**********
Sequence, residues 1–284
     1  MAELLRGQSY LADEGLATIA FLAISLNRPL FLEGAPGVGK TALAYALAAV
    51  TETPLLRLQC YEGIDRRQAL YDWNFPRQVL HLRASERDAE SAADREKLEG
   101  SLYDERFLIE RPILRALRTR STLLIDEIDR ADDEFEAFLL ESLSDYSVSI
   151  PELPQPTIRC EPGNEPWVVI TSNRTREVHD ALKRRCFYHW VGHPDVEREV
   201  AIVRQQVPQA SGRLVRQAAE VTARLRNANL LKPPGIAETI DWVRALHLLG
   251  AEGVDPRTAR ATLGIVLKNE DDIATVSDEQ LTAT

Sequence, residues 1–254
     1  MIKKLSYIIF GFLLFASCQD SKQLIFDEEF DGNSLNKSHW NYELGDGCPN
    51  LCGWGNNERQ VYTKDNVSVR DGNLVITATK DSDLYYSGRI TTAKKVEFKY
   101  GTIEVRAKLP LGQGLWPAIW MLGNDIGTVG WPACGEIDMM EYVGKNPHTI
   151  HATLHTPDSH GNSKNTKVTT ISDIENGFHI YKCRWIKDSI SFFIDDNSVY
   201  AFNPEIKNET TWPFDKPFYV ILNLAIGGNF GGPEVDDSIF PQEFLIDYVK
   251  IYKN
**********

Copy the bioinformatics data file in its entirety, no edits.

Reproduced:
Sequence, residues 1–284
     1  MAELLRGQSY LADEGLATIA FLAISLNRPL FLEGAPGVGK TALAYALAAV
    51  TETPLLRLQC YEGIDRRQAL YDWNFPRQVL HLRASERDAE SAADREKLEG
   101  SLYDERFLIE RPILRALRTR STLLIDEIDR ADDEFEAFLL ESLSDYSVSI
   151  PELPQPTIRC EPGNEPWVVI TSNRTREVHD ALKRRCFYHW VGHPDVEREV
   201  AIVRQQVPQA SGRLVRQAAE VTARLRNANL LKPPGIAETI DWVRALHLLG
   251  AEGVDPRTAR ATLGIVLKNE DDIATVSDEQ LTAT

Sequence, residues 1–254
     1  MIKKLSYIIF GFLLFASCQD SKQLIFDEEF DGNSLNKSHW NYELGDGCPN
    51  LCGWGNNERQ VYTKDNVSVR DGNLVITATK DSDLYYSGRI TTAKKVEFKY
   101  GTIEVRAKLP LGQGLWPAIW MLGNDIGTVG WPACGEIDMM EYVGKNPHTI
   151  HATLHTPDSH GNSKNTKVTT ISDIENGFHI YKCRWIKDSI SFFIDDNSVY
   201  AFNPEIKNET TWPFDKPFYV ILNLAIGGNF GGPEVDDSIF PQEFLIDYVK
   251  IYKN